Financial Literacy and a Woman’s Financial Stability

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Can you name all the bank accounts and credit card accounts you and your husband/partner own jointly and individually?

Do you know how much you owe on your mortgage?

Can you say with certainty how much your partner earns, including base salary, bonuses, pension contributions, benefits? Or what your monthly expenses are?

In other words, can you list all of your income, expenses, assets and liabilities?

Unfortunately, far too many women can’t make that kind of list. Many women are less confident than men about their ability to manage their cash flow and debt, their investments and prepare for their retirement. Many simply are not familiar with even the basics of their family finances.

I struggle to understand this, but then I am single, my affairs are relatively simple and as I get older the more resolutely independent I get…. I’ve never understood friends who have to ask their partner for cash for a night out or the pin number for their joint account.

Why do women struggle? Is it because women have been socialised to think they are bad with money, that it’s unfeminine or not our “job”?

I think the issues probably start long before any mutually financially dependent relationships you may get into – and it’s really all to do with learning to be financially literate.

In 2008, President George W. Bush created the first ever President’s Advisory Council on Financial Literacy. That Council defined financial literacy as “the ability to use knowledge and skills to manage financial resources effectively for a lifetime of financial well-being.”

“Financial Literacy” – It’s not about luck or about being in the right place at the right time. Instead, it’s about educating yourself and learning how to manage your financial resources.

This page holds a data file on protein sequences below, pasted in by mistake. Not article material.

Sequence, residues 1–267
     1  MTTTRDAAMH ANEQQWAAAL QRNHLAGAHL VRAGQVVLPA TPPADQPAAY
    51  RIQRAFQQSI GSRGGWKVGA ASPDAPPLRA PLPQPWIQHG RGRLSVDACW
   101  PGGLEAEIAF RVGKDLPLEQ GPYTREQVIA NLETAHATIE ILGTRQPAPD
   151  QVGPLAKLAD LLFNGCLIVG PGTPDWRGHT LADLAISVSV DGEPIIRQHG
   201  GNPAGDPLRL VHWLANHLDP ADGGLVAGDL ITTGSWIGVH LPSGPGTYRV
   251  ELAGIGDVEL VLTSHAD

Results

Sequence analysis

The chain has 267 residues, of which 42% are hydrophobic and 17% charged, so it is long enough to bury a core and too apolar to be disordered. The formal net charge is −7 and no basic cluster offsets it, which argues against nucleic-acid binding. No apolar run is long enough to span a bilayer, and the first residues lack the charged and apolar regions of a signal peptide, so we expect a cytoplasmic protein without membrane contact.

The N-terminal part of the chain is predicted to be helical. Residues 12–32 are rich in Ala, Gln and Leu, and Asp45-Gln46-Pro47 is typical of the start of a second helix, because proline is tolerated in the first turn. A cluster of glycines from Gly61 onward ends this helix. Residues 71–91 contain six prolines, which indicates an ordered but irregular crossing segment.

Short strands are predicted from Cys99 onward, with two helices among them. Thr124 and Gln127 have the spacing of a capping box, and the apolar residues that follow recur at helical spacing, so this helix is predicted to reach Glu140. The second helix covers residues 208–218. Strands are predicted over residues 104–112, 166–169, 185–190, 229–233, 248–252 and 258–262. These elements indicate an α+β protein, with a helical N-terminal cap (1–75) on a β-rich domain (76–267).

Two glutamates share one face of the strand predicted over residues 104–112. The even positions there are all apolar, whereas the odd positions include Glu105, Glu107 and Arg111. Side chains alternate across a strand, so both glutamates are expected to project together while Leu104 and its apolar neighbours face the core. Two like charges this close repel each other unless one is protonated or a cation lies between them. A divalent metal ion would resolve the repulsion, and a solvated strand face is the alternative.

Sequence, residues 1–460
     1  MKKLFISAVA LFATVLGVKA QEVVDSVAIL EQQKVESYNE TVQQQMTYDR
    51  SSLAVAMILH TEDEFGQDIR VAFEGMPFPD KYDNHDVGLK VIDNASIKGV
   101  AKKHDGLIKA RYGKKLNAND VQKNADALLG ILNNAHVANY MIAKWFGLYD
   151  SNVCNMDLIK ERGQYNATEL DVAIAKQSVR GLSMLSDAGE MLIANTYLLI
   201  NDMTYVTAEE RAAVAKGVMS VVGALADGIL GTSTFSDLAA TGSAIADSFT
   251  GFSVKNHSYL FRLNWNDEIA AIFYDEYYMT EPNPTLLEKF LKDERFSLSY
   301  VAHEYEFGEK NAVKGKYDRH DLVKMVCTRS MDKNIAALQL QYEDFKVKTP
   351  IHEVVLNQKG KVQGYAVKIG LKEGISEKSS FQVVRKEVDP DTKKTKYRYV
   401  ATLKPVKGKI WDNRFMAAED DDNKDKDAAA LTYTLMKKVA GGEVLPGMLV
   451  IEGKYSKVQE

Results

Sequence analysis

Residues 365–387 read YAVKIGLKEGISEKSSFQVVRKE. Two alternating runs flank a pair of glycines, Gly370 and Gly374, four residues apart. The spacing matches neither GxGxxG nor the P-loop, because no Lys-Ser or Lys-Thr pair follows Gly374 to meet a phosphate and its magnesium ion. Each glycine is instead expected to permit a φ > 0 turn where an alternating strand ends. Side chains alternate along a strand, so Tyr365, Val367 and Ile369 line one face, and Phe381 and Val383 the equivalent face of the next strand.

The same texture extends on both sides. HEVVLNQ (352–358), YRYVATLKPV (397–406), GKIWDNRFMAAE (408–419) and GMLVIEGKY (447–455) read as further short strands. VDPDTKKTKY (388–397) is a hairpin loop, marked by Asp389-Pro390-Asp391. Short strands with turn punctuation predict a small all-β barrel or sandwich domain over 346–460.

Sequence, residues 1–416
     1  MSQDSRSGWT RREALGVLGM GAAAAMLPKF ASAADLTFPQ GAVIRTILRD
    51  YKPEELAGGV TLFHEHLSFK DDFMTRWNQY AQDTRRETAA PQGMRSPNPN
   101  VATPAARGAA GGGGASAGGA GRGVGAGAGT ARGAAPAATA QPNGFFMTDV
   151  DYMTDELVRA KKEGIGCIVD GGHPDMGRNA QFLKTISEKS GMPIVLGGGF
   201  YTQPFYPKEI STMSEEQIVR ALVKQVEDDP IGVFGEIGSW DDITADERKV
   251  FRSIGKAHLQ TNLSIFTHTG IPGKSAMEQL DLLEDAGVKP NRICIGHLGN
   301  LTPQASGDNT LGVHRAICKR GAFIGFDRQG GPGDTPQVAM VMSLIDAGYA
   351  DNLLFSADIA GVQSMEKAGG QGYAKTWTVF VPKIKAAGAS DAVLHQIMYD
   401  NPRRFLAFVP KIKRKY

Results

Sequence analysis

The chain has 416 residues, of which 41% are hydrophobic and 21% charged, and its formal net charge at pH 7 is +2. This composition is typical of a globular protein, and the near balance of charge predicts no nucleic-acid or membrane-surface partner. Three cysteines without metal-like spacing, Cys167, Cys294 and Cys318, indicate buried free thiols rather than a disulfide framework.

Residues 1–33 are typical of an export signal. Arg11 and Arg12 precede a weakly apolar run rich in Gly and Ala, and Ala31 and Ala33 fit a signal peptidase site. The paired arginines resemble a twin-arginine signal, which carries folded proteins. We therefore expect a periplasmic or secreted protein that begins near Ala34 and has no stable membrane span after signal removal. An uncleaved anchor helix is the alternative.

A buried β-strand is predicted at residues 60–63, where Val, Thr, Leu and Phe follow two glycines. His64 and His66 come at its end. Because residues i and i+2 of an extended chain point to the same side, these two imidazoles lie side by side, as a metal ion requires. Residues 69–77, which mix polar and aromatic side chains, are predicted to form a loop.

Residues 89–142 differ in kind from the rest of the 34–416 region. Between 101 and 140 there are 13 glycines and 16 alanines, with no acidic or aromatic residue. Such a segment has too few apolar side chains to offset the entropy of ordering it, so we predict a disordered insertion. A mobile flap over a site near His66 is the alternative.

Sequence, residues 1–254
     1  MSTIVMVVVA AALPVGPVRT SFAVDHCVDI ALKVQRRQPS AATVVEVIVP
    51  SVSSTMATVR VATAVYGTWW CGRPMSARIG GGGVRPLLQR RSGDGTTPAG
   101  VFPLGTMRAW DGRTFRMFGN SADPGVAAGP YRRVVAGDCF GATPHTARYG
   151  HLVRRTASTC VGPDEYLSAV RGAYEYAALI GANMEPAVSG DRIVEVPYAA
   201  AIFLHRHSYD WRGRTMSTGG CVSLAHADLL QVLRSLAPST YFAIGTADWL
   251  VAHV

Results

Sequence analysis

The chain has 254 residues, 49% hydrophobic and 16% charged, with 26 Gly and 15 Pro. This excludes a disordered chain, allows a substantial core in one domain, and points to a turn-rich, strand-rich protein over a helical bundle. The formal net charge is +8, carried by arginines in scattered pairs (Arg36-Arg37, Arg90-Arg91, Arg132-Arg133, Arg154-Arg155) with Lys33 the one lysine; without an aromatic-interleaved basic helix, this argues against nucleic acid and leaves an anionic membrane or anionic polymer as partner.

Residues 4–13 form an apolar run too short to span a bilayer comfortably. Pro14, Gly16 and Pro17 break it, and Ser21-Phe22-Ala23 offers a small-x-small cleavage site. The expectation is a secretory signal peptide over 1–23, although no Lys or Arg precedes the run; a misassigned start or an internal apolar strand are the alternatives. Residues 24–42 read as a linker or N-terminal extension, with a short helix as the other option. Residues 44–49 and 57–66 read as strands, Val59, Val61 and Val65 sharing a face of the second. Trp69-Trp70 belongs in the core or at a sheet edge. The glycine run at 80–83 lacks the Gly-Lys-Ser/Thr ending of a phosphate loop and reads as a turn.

But how can we do this? It’s not taught in school and it’s not something any teenager is probably that interested in – I certainly didn’t!

I don’t mind admitting its taken some time for me to obtain this ‘financial literacy’ and understanding. Clearly, my training and job has helped… but for the early years of work I still had very little real awareness about money and its impact on my financial well-being.

A lot of this is about your relationship with money. It’s about asking questions and coming up with your own ‘financial plan’ – no matter how simple or complex.

My experience with friends and clients has also shown me that your own financial education must start by being open and honest with your partner and addressing heavy topics, like family history of money and imbalances such as debt, emotional spending, and under-earning.

We need to change the attitude of “my partner sorts all that” or “I’m not interested as long as I have enough to buy my shoes and go on holiday”. Or worst still “I earn less so I can’t ask for that”.

Why? Because it’s just too dangerous to ignore it. We all need our own pension / savings and a level of independence – even of you are in a wonderful loving and ‘equal’ relationship.

As a financial planner I see two scenarios regularly that prove why this is vitally important for women.

  1. A very happy relationship – The relationship is wonderful and you spend many happy years together until the husband/male partner dies (or becomes incapacitated). Then the woman realises she is completely uninformed about any details of her family’s financial affairs. As a result, she feels overwhelmed and emotional and can become an easy mark for unscrupulous con artists/scams – or it’s quite likely she will simply make devastating financial mistakes on her own.
  2. A very unhappy relationship – The marriage / relationship ends and leads to divorce / break up. This is when a woman who has not been involved the family finances finds she is forced into constant catch-up mode, she likely has no idea where to begin, what to look for, what to do. Meanwhile, her husband/partner knows everything and could be hiding assets and setting things up to his advantage. (And who knows? He could have been doing just that for years!)